Consider the rivalries involved. Mice abhor cats. Redskins dislike Cowboys. Regular public school educators (particularly union members) and public charter school educators have a similarly adversarial relationship. Educators at regular public schools often tell me that charter schools -- also public but independent of school system rules -- are siphoning their funds and students. Charter people say regular public schools are captives of listless bureaucracies. The Washington Post last week announced for the first time separate awards for top D.C. regular and charter school leaders, because there seemed no chance to get the two sides to cooperate on picking the winners.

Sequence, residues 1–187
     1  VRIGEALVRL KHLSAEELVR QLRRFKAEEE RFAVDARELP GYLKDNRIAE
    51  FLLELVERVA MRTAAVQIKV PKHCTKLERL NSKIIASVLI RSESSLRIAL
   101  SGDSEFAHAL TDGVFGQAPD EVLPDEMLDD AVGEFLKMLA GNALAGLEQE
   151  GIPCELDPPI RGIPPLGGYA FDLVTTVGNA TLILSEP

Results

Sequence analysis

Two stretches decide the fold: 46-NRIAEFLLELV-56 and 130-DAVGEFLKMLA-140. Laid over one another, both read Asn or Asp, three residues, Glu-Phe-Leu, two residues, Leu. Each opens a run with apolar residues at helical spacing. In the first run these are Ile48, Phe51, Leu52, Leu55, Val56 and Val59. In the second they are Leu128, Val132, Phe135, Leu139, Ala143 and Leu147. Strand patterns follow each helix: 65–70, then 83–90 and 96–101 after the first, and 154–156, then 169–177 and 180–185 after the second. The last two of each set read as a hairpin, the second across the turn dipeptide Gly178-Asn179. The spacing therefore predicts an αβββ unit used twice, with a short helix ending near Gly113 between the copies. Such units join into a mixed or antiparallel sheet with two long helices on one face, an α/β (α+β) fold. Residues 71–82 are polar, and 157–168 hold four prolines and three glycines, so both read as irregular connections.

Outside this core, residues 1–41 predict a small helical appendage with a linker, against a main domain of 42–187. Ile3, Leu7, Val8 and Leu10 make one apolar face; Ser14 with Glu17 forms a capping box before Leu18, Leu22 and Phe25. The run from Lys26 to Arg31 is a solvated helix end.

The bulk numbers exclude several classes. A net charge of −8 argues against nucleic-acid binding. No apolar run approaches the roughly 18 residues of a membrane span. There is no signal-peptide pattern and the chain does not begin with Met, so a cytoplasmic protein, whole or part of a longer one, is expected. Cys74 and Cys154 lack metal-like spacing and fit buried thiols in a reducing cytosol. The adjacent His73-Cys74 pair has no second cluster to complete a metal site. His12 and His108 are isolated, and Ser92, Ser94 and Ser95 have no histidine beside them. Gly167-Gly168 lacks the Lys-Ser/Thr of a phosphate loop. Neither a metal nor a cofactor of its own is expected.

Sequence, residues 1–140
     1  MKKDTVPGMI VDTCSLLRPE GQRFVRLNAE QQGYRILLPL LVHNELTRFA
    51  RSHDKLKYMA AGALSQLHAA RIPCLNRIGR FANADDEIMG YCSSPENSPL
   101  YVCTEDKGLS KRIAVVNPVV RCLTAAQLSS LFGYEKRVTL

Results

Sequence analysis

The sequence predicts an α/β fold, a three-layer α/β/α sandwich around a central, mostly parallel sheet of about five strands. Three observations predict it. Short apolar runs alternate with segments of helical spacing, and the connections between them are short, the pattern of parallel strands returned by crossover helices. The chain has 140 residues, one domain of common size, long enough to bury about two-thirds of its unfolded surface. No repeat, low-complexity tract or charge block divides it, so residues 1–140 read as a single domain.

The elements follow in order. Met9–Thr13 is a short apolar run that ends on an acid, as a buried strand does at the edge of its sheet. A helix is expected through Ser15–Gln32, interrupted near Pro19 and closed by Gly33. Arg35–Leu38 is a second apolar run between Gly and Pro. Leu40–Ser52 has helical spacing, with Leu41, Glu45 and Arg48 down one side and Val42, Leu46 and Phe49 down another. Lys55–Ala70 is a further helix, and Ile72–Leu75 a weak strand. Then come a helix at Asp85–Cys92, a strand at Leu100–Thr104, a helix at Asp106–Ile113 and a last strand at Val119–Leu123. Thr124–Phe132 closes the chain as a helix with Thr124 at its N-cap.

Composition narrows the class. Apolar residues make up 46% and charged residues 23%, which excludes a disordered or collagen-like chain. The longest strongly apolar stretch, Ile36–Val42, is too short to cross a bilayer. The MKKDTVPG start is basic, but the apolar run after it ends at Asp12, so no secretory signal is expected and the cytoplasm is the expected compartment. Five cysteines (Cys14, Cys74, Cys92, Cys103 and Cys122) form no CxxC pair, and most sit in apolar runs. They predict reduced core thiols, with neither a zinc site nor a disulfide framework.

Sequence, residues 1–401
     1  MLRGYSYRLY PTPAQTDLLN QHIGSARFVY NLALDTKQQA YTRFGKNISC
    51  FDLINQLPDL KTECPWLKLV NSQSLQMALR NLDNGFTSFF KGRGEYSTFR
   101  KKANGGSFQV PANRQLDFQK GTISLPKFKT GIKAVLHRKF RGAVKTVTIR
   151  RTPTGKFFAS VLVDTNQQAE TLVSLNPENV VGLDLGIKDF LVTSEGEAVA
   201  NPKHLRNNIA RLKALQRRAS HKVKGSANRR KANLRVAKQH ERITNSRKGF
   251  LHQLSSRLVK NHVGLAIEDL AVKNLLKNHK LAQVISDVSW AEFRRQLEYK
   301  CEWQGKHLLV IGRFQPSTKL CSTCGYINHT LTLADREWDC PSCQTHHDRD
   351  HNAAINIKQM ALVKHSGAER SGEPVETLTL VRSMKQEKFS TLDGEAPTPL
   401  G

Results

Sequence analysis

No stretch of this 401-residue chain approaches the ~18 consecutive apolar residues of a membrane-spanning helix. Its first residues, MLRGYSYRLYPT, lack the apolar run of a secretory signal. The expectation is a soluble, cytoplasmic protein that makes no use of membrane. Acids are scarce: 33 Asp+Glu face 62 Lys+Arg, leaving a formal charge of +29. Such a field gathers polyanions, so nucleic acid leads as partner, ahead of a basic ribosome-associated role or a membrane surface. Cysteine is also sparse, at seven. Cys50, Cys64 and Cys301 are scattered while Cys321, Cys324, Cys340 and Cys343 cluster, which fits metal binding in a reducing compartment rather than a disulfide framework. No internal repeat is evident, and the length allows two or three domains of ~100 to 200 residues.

The Broad and Gates foundations have been on the charter schools' side for a long time. In the District, where the teachers union is an AFT local, this divide gets personal. Broad and Gates people have been friendly to D.C. Schools Chancellor Michelle A. Rhee, one of the few superintendents in the country who supports charters. Broad is thought to be one of the foundations promising to help fund Rhee's offer to give teachers big salary increases in return for surrendering tenure protections. Weingarten has much to say about how the D.C. teacher contract negotiations proceed, but she has given no sign of embracing Rhee's plan.

So why is she accepting the foundations' money? Her friends and adversaries say she always thinks several moves ahead. When I asked why she was dealing with foundations whose support for charters is so unpopular with her members, she replied, "The ties that bind us are so much greater than the squabbles that divide us." AFT founder Al Shanker, she noted, was one of the first to suggest the charter concept, and AFT-run charters operate in New York.